Cohort individuals born at the same time may have similar experiences because of
wider social and historical events, such as economic depression, war, expansion of
You will need to be able to refer to one or two types of ethnic diversity. For example:
Many South Asian families have a more traditional family structure – larger families,
more extended, less joint conjugal roles. (However, Westwood and Bhachu (1988)
argue that most Asian families are now based on the nuclear family, though they may
have stronger kinship ties and respect for the elderly.)
These differences are likely to have resulted from the fact that many Asian immigrants
have come from a traditional agricultural economy where family patterns are more like
West Indian families are more likely to be single-parent families or ‘mother
households’, in which the mother is the breadwinner and female kin and friends help out
with childcare and other duties. However, this support is less likely in Britain than in the
Caribbean and nuclear families are also common.
There are a number of possible explanations for these differences. Firstly, this pattern is
common in the Caribbean. Secondly, the pattern is thought to have arisen originally as a
result of slavery, where husbands would often be sold separately to wives and children,
so that the family could rarely stay together. Thirdly, it is argued that a West Indian
male finds it hard to stay with his family if he cannot support it as he feels he should –
therefore unemployment may play a part.
Eversley and Bonnerjea (1982) – Diversity and Location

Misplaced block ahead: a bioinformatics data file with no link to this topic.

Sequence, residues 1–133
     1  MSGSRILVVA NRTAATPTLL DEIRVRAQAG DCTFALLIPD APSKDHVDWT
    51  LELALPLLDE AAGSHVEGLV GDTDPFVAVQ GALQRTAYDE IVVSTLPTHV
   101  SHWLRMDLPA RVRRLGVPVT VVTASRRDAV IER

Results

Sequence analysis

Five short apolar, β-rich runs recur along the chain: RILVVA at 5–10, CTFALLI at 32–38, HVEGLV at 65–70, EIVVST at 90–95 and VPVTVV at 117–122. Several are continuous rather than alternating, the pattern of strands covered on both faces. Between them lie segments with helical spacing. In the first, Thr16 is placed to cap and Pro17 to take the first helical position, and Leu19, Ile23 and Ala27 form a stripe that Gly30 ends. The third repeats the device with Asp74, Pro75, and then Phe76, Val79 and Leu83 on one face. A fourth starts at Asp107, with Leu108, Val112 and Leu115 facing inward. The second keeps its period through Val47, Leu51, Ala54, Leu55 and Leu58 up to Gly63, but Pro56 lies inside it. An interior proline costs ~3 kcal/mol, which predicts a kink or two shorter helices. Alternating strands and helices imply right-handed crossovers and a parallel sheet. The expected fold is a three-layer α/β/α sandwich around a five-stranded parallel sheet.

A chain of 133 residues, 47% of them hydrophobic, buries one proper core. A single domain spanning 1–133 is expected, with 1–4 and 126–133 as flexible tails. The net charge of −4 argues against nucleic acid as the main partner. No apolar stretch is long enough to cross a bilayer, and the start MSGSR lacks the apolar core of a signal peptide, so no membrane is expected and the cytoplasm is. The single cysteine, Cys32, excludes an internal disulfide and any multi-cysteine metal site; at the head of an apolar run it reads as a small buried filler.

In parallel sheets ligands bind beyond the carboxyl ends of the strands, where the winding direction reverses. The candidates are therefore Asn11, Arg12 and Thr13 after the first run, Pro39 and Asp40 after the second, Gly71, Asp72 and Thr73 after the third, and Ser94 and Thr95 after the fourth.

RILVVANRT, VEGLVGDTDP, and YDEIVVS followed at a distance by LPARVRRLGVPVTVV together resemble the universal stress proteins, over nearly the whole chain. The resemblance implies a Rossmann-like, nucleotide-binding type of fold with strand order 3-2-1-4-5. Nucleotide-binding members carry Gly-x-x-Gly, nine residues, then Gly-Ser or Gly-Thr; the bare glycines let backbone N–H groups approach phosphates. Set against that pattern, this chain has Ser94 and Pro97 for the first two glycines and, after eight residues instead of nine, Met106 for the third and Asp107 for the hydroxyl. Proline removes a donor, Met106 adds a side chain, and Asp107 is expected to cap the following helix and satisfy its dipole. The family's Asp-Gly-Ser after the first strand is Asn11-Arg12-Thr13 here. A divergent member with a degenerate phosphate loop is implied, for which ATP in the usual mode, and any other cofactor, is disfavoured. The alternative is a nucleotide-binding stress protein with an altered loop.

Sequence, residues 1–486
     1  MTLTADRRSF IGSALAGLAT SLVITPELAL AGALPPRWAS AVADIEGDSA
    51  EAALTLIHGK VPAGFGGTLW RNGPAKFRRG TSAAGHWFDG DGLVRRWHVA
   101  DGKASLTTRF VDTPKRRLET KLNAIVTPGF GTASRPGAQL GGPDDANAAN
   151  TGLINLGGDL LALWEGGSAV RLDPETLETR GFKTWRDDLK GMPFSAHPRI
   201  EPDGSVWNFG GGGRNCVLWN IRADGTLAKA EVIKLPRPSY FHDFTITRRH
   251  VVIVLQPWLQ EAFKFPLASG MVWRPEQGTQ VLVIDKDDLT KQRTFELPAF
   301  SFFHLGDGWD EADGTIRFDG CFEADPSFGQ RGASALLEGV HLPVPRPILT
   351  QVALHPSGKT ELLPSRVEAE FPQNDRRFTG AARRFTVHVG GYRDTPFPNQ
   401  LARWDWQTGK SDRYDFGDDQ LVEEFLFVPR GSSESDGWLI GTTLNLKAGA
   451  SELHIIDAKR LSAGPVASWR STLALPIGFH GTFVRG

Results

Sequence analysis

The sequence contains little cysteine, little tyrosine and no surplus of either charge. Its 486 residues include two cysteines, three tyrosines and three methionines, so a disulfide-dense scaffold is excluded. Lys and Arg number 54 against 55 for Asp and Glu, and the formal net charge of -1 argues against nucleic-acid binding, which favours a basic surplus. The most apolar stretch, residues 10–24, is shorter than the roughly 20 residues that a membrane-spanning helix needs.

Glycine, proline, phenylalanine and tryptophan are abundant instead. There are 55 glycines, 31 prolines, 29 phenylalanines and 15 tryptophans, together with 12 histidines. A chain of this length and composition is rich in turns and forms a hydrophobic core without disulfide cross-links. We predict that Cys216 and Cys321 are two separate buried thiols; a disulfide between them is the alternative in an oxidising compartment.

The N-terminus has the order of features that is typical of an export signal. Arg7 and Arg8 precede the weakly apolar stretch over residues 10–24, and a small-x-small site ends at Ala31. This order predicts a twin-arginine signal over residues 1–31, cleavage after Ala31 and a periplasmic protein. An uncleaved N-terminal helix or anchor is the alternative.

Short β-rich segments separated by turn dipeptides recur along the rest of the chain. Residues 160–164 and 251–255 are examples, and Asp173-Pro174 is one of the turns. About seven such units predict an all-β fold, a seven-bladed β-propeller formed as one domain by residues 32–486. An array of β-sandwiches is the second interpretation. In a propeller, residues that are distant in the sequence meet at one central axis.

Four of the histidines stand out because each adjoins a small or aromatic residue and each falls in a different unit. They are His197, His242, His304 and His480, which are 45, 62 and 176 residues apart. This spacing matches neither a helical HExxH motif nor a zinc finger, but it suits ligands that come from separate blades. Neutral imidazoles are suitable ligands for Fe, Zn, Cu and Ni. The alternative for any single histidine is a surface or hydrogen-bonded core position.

They suggest that local influences produce different life experiences and so diversity. They
identify six different areas or types of area in Britain which offer different types of family
The affluent South or ‘sun belt’ attracts mobile two-parent families, higher social
classes and owner-occupiers.
The ‘geriatric wards’ mostly coastal areas which attract elderly and retired couples
who may be living at some distance from relatives.
Older industrial areas with a declining industry often have traditional family structures
and relationships, and older populations with strong community ties.
Recently declining industrial areas are more likely to be found in the Midlands, have
been prosperous but are now declining. Young families often have moved there and
have little support from extended kin.
Rural areas families who work in agriculture and related areas of the economy and
tend to be of the extended and traditional family type. Many of these areas have now
been taken over by commuters.
Inner cities experience high levels of social deprivation, a large turnover of inhabitants,
many single person households and a high proportion of immigrants. There are also
many single-parent families and people are likely to be isolated from kin.
REASONS FOR INCREASED DIVERSITY
effects of changes in marriage, cohabitation and divorce patterns
effects of demographic changes – decline in birth and death rates
effects of changing social attitudes
changes in the position of women in society
welfare support from the state
increase in Britain in the variety of cultures and ethnicities
changing patterns of social life
historical events and periods
NB: many of these reasons are explained in detail in the later section on changing patterns of
marriage and parenthood.
WHAT IS THE SIGNIFICANCE OF THIS INCREASED DIVERSITY?
Diversity is valued as a liberating force for women, opening up choices (Gittins 1993).
New opportunities are also available to men – it has become more acceptable to be a
househusband and to play a less traditional masculine role.
Diversity is seen as critical of family ideology – how can one type of family be ‘best’ or